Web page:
Monday, December 8, 2008

Working at home

Everybody wants my job. At least, everybody thinks they want my job. They don't even care what my job IS. When somebody asks where I work, I say "I work from home" and before I can even get to the tedious and boring explanation, their faces light up.

"Oh really??" they say. "I've always wanted to do that. How did you get started?"

"Well," I say, "I started as a copywriter at a small marketing company - "

"No, no," they say. "Skip that tedious and boring part. Just tell me how I can get a cushy gig like yours, working at home!"

You see, people have this glorified vision of what "working at home" is really like. Ok. Yes. It does have its good points. But really, it's not for everyone. Let's look at what it takes to succeed as a telecommuter/freelancer/pajama-clad-slouch.

Just a sec, gotta get some Cheetos.

Ok. Requirement number one: You must have a very short attention span.
If you enjoy sitting in one place and working continuously for 8 hours, you might as well get an office job. That way at least you'll have a chance of getting decent health insurance. There are times when I work 10 or 12 hours in a day, but it's usually broken up into 10-minute segments. Maybe 20 minutes if there's nothing to watch on Turner Movie Classics.

Requirement number two: You must enjoy your own company. A lot.
Think about it. You will be by yourself all day, every day. That may sound wonderful in theory, but in reality your social skills will gradually be eroded until you become the quirky lady who wears floppy hats and clunky necklaces and stands just a little too close to people so everybody ends up warning their children not to accept candy from her.

Requirement number three: You must find a job that lets you work from home.
This, of course, is the tricky part. There are lots of "jobs" that are listed in all-capital letters online, that deceptively claim to let you work at home. Do not fall for these ads. Nobody will pay you $1000 a week for stuffing envelopes. Nobody even USES envelopes any more.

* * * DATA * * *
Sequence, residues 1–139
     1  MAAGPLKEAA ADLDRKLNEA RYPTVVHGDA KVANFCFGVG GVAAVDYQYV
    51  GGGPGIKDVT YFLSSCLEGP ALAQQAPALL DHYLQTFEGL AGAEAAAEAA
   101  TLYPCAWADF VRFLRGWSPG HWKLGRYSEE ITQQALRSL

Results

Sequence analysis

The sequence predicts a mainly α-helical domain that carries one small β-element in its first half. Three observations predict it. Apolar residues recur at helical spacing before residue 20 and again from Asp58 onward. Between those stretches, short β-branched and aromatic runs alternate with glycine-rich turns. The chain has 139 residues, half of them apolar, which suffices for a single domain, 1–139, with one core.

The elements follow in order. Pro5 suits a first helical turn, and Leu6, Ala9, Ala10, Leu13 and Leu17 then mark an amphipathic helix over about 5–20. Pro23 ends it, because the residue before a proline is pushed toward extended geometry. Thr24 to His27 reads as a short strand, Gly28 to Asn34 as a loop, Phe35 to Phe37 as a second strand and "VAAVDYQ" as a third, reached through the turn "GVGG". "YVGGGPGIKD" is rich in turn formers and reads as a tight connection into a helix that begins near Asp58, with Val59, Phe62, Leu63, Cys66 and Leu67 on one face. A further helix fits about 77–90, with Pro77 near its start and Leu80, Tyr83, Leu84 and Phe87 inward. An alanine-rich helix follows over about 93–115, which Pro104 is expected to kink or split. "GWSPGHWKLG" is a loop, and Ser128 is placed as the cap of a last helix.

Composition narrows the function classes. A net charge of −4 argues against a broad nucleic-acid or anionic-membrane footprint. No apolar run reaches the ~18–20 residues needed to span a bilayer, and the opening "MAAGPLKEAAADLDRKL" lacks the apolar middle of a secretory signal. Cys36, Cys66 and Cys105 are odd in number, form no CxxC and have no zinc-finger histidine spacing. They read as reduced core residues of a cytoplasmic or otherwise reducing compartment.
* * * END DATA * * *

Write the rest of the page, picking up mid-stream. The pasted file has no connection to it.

Probably the best strategy for finding an at-home job, is to ask somebody who already does it how they got started. Make sure you are asking somebody who is successful and helpful and experienced.

I will let you know if I meet somebody like that.

In the meantime, I hear TMC is airing a Bette Davis marathon.

Gotta go.

3 comments:

Dennis said...

How true!
I think there are unique challenges being at home by yourself all the time. Contact is often limited to short phone conversations and email. That old fashioned face-to-face stuff seems to suffer a bit.

lacy said...

I am actually working on my writing now. I started a blog because I figured that way I could say what I need/want to say. And if my writing sucks at first, then it is just a blog and no one will really care, or notice for that matter. I am curious how you came along the job you have though. I used to write copy for a local radio station. And believe it or not, I was actually pretty good at it. I miss it! I still write all the copy for the company I work for, you know, to keep my feet wet. So, I was just wondering how you got started?

Lesley said...

Hi Lacy,
I agree, blogging is a wonderful way to just write whatever you want to write.

I'll have to do a post on how I ended up with this job - it's kind of a long story. I'm a Christian, so I believe God led the way, even though I didn't know where on earth I would end up. It's really neat when things just fall into place. I'll do a post on it soon!

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